Dr. Gavin has participated in AMFDP for 39 years and served as director for 20 years. His contributions were instrumental in shaping the ASH-AMDFP partnership to increase diversity in hematology. Early in his career, he became fascinated with diabetes, a disease that had affected his family and continues to affect African American populations disproportionately. He devoted his life’s research to uncovering ways to improve diabetes outcomes. Beyond his own research, Dr. Gavin served as a role model for many medical trainees. Through AMFDP, he learned how influential mentorship could be on student success. He guided many students and trainees through their medical careers and is devoted to helping underrepresented students in medicine overcome systemic barriers to entry. Dr. Gavin’s most notable accomplishments include serving as the first African American president of the American Diabetes Association, the president of the Morehouse School of Medicine, and a senior science officer at the Howard Hughes Medical Institute-NIH Scholars program. He has made unparalleled contributions to medicine through his pioneering research in diabetes, leadership, advocacy, and, most notably, his dedication to advancing the careers of students, trainees, and physician-scientists.
Dr. Wilkes has served as the national director of AMFDP since 2013 and has given several national presentations and published many studies on eliminating bias and reducing discrimination in health professions. He is a leading physician and scientist who has made significant contributions to immunology and is an elected member of the National Academy of Medicine. As a pulmonologist and critical care physician, he focuses on research to uncover what drives the immunology of lung transplant rejections. Throughout his career, Dr. Wilkes and his colleagues have worked to understand the mechanisms behind graft-versus-host-disease (GVHD). Their work led to the development of a drug for pulmonary fibrosis, the endpoint of lung transplant rejection caused by GVHD. Dr. Wilkes is motivated to promote diversity in hematology because of the profound ways that unique perspectives improve academic medicine and increase cultural competency in patient care.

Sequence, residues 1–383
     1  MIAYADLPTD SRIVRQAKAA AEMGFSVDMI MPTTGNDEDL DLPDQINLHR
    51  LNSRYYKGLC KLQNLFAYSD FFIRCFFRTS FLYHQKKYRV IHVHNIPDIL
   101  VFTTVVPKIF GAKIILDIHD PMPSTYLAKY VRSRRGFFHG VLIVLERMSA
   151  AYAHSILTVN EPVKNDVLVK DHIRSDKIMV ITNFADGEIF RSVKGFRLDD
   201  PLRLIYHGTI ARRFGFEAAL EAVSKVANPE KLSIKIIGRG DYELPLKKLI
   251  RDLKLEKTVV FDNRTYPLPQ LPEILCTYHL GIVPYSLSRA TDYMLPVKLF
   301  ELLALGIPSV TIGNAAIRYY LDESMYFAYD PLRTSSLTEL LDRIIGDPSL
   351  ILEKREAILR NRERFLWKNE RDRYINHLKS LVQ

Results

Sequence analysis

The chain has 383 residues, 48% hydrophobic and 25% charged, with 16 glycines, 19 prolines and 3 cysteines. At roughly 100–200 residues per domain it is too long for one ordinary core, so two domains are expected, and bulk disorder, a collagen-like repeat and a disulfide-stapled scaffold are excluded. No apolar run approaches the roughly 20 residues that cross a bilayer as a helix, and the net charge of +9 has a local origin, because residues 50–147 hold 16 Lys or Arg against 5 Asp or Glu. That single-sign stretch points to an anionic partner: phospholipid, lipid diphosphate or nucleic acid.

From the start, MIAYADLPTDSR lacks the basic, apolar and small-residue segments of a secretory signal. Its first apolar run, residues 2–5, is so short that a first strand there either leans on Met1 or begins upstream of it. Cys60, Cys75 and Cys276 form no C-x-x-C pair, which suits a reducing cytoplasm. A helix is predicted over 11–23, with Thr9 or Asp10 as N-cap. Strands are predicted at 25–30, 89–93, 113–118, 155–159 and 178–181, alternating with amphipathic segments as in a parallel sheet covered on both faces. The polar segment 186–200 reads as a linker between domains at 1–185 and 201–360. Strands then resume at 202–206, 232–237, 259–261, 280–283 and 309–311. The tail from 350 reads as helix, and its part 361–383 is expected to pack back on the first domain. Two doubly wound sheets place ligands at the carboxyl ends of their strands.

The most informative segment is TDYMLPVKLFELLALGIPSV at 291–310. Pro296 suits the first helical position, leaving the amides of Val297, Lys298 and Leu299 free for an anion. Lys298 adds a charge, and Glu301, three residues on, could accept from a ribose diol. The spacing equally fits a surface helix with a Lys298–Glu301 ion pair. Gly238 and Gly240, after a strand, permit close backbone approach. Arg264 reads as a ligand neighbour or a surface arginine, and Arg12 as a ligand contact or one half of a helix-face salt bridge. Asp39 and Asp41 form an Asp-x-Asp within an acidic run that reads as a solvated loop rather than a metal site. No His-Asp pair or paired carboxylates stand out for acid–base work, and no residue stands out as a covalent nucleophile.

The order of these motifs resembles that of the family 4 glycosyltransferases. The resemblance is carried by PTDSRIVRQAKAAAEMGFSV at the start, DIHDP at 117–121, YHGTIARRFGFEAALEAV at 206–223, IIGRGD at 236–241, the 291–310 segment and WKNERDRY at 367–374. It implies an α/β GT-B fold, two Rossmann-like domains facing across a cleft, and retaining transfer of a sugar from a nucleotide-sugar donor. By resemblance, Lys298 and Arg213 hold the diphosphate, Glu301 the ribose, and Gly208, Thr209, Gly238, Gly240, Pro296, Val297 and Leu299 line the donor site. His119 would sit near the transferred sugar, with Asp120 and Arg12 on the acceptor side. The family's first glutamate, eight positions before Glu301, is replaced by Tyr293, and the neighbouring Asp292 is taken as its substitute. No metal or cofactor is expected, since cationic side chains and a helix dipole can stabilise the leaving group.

Irene Ghobrial, MD, Dana-Farber Cancer Institute
William Dameshek Prize
Dr. Ghobrial is being recognized for her research on the mechanisms underlying disease progression in myeloma. Through her work, she has challenged standard myeloma patient care by leading screening for early detection of the disease, uncovering novel biomarkers for risk stratification, and disrupting the traditional myeloma treatment paradigm with innovative trials in smoldering myeloma. While Dr. Ghobrial has made many significant contributions to her field, her most notable research accomplishments include leading, PROMISE, the first screening study in the US and the first study to ever screen high-risk individuals. PROMISE detected MGUS/SMM, a precursor molecule for myeloma, in more than 30,000 individuals deemed to be at high risk of developing myeloma, many of whom are African American and first-degree relatives of patients with myeloma. Dr. Ghobrial and her colleagues are also pioneering early-intervention prevention strategies for myeloma using CAR-T cells.
Bruce Blazar, MD, University of Minnesota Medical School
E. Donnall Thomas Lecture and Prize